In the latest UK counter-terror operation, a Daesh sympathizer has been found guilty of planning an attack on the UK Prime Minister's residence and plotting to behead Theresa May.
Naa'imur Zakariyah Rahman, 20, from Finchley in north London is the newest addition to the list of British born or made terrorists. 'Jihadi John,' 'The Beatles,' 'Jihadi Jack,' and 'White Widow' have all been accused, charged and wanted by counter-terror policing. All these attackers have either been born or born and raised in the UK. Rahman hasn't been branded with a nickname yet and might never be but for the others — a common denominator is the titles, generated for them by the mass media or their victims.
Expert on terrorist financing and author Loretta Napoleoni disagrees with the use of nicknames for extremists.
"Nicknames establish a certain degree of intimacy which should not be there at all. Terrorists like the nicknames because it makes them less of a monster to potential recruiters and more intimate with people they would want to recruit. It is giving them the closeness to you that shouldn't be there. You wouldn't give nicknames to the Nazis during World War 2 — these people are our enemies because they want to kill us," Ms. Napoleoni told Sputnik.
A group of four Daesh terrorists dubbed by their hostages 'The Beatles' because of their British accents were responsible for brutal beheadings of foreign nationals in 2014 and 2015. The nickname 'Jihadi Jack' was created by the British media in reference to the first white UK citizen identified as a fighter for Daesh, Oxford-born Jack Letts. Finally, one of the internationally most wanted terror suspects, British woman Samantha Lewthwaite, who is wanted for deaths of hundreds of people, has been dubbed 'White Widow' by news media.
Ms. Napoleoni argued that the media give nicknames to terror-related offenders "because it sells."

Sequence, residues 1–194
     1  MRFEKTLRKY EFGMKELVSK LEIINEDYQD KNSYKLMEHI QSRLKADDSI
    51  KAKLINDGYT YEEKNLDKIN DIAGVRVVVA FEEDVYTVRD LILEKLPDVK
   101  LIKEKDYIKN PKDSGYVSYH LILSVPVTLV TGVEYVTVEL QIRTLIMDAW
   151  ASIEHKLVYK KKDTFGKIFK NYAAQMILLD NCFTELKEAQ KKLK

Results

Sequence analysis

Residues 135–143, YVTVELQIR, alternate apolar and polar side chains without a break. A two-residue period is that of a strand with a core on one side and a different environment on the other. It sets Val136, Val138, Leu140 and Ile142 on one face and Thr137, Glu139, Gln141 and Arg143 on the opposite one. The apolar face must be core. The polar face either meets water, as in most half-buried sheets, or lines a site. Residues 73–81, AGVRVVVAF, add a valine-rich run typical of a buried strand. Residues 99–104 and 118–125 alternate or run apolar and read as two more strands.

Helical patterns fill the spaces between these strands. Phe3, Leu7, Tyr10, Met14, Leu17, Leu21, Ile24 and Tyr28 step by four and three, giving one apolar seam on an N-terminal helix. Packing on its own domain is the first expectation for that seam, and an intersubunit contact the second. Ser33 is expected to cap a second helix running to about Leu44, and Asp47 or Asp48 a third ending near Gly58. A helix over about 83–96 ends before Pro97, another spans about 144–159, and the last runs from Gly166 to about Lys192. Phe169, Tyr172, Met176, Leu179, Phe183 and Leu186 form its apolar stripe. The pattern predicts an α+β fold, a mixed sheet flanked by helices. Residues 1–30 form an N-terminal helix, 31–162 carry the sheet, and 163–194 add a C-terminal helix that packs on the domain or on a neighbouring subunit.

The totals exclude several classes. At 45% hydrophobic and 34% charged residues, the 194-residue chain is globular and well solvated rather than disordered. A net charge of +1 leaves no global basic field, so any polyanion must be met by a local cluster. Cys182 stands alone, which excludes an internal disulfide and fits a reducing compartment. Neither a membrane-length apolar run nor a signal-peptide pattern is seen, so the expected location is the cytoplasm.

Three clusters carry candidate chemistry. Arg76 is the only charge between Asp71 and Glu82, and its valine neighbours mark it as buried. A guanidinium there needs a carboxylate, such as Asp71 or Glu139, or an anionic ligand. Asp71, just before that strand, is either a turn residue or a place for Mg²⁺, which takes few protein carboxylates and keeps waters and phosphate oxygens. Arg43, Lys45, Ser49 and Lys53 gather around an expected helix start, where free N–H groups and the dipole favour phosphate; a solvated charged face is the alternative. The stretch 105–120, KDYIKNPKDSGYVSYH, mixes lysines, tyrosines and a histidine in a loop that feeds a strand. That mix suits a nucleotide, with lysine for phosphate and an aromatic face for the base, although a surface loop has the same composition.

"The story of the Beatles and the Jihadi John, that was the story the hostages invented to survive. But then it was sold by the media over and over again to make people read the articles, which is not right," Ms. Napoleoni told Sputnik.
Speaking about ‘White Widow' Samantha Lewthwaite, Ms. Napoleoni added that when it comes to female terrorists, she disagrees with the notion that women are more elusive and less likely to be suspected in terror activity.
"In the United Kingdom there is a very high degree of awareness about jihadism. I would say that a woman tends to be more suspicious if she is wearing a hijab and she is covered head to toe. It is more visible if you think about it," she told Sputnik.
Samantha Lewthwaite was born in northern England and educated in London. The widow of the 7/7 London terrorist bomber Germaine Lindsay, Lewthwaite — according to unconfirmed reports — has been killed in an airstrike.
However, recent claims by British media have suggested she is a live and plans to recruit suicide bombers to target holidaymakers in Europe.
Alexanda Kotey and El Shafee Elsheikh — members of the infamous ‘Beatles' — were stripped of their UK citizenship, as they were accused of torturing and murdering more than 25 foreign hostages that were held by Daesh. The group's leader — Londoon-raised Mohammed Emwazi — was killed in an airstrike in 2015. The fourth member, London-born Aine Davis, was sentenced by the Turkish court to seven-and-a-half years in prison in 2017.
Jack Letts dubbed by UK media 'Jihadi Jack' was captured in Syria by the Kurdish-led YPG group in 2014 fighting against Daesh.
In 2018, the number of arrests by anti-terror officers in the UK has risen by 17 percent. According to the UK Home Office data, 441 arrests were made compared to 378 in the preceding year.
Only in 2017, Britain suffered a number of terror attacks, including the Westminster attack in March, Manchester arena bombing in May, London Bridge and Borough Market attack in June and Parson Green explosion in September.
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